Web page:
These outstanding men and women who choose to serve don’t fly their own flag and draw attention to themselves. Instead, they conduct themselves with the highest character, humbly respect those they protect, and dedicate themselves to strengthening and safeguarding our one nation under God. These are the individuals we need to recognize for the profound impact they have had on the world. Whether they served stateside, overseas, or sacrificed their lives, each one understood the price for freedom and was willing to pay that price if need be.
This month and every month we should honor and remember the individuals who were tortured and held as prisoners of war, stormed beaches, participated in dangerous missions, kept peace on American soil, and battled the enemy on the frontlines or behind the scenes so that we can live in the greatest country on earth.
Our culture is fighting to indoctrinate our children. As parents, we must disciple our children according to God’s Word and deliberately educate them on our history and who our true pioneers and heroes are. Patriotism will not be taught in the schools; it must be modeled at home. Regardless of whether my silly screensaver honors our veterans, my family will choose to salute and celebrate them in every way this day and every day throughout the year.
Here’s a quick lesson on the founding of Veterans Day:
In the 11th month, the 11th day, at the 11th hour, of 1918 a temporary peace, or armistice, was signed and the fighting during World War I finally came to an end. President Woodrow Wilson announced a year later that this day would officially be called Armistice Day in the United States. During this proclamation, he stated, “To us in America, the reflections of Armistice Day will be filled with solemn pride in the heroism of those who died in the country’s service and with gratitude for the victory.”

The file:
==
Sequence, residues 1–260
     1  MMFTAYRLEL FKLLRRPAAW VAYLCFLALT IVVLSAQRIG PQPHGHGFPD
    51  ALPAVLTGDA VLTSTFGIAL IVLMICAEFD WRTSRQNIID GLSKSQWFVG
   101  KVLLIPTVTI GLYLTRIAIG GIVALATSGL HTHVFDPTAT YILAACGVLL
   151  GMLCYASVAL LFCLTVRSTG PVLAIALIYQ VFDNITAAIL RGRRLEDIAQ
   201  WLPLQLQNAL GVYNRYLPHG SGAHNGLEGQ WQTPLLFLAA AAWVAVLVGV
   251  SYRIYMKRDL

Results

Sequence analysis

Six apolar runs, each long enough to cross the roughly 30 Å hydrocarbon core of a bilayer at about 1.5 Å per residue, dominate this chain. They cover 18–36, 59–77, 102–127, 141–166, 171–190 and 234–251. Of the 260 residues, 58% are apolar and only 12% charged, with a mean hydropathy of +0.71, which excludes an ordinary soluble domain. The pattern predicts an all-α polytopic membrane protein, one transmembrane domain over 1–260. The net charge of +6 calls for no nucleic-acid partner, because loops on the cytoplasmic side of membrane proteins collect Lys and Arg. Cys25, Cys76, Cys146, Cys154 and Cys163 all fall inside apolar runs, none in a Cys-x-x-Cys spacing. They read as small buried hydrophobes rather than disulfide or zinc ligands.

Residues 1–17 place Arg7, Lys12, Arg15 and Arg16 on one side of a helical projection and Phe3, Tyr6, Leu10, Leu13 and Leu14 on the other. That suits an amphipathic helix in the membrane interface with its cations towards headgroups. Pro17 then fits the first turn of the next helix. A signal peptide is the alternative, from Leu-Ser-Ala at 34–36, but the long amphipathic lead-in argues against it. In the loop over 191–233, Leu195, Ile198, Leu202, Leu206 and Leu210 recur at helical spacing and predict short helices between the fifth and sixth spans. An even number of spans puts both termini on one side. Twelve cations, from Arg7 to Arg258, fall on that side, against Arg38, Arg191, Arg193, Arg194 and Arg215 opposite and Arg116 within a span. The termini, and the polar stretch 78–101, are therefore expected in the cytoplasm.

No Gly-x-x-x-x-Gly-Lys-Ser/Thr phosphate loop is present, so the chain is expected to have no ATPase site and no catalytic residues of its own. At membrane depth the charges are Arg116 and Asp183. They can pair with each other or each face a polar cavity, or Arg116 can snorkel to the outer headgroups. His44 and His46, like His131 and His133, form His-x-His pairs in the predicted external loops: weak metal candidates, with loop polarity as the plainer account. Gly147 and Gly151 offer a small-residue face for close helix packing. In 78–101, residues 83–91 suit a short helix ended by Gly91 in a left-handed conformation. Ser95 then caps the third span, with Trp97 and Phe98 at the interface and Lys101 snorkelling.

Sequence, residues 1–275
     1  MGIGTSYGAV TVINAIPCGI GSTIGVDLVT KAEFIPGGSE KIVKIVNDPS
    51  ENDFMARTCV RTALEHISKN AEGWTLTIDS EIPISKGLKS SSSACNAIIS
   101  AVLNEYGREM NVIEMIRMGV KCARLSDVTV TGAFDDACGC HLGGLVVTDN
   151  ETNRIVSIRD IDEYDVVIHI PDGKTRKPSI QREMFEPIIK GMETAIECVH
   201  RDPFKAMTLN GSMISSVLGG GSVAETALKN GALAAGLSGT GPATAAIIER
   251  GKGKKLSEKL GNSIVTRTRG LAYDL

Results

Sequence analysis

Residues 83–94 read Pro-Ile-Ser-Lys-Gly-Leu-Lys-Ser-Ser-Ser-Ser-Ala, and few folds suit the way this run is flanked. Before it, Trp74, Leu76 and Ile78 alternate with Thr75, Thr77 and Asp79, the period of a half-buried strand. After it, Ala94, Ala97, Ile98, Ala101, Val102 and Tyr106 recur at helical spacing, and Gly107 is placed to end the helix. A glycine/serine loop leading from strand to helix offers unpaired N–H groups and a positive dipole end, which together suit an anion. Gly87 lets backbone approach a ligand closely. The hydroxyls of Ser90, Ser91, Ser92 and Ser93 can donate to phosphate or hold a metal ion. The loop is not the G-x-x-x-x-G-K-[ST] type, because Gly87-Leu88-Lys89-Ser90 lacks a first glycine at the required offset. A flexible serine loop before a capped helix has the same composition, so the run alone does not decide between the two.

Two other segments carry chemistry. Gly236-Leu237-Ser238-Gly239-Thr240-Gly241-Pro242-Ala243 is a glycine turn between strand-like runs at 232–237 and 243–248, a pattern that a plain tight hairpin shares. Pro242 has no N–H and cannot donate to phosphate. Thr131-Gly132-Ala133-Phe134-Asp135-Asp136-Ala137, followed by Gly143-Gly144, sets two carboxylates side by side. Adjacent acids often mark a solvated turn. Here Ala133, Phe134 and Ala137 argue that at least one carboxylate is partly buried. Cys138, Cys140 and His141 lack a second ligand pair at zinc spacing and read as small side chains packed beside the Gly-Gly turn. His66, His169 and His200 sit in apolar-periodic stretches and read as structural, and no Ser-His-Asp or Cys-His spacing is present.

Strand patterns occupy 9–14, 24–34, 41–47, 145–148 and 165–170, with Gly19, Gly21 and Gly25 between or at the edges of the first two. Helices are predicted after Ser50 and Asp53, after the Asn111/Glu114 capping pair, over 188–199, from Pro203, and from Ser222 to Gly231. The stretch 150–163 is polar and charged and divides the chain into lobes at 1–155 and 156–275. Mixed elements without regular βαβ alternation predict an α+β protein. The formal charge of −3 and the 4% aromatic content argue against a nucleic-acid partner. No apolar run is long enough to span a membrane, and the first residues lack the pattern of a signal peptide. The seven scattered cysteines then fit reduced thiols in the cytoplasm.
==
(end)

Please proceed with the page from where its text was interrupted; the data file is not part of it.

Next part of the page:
In 1938, it became a national federal holiday dedicated to world peace. It was a special day to honor the veterans of WWI. However, in 1954 President Dwight D. Eisenhower changed the name to Veterans Day in an effort to honor the veterans from WWII and the Korean War. Today, Veterans Day commemorates the service of all American veterans.
Here are several activities to do with children to teach them to love, appreciate, and respect our veterans:
- Write thank-you letters to veterans. There are websites, such as Operation Gratitude and A Million Thanks, which make it easy for children to send letters and care packages to wounded warriors and veterans as well as deployed troops.
- Attend a veteran’s program or parade
- Visit a veteran in the hospital, nursing home, or at home to tell them 'thank you' and that you are proud of them
- Visit a cemetery and count how many different wars and branches of the military are represented
- Contact your local VFW and volunteer to decorate a cemetery nearby with flags. They will provide flags for you.
- Read stories of real American heroes
- Take every opportunity to speak with veterans and listen to their stories if they are willing to share
- Watch historical documentaries of American wars, battles, and individual stories of heroism
- Teach your children to recognize men wearing veteran hats or military uniforms and tell them “thank you for your service” wherever you are throughout the year
- Most importantly, teach your children to pray for our country, its leaders, our military and their families. It is imperative we teach our children to thank God for our freedom and appreciate our veterans.
May we never take this gift of freedom for granted.
“Veterans know better than anyone else the price of freedom, for they’ve suffered the scars of war. We can offer them no better tribute than to protect what they have won for us.”
- President Ronald Reagan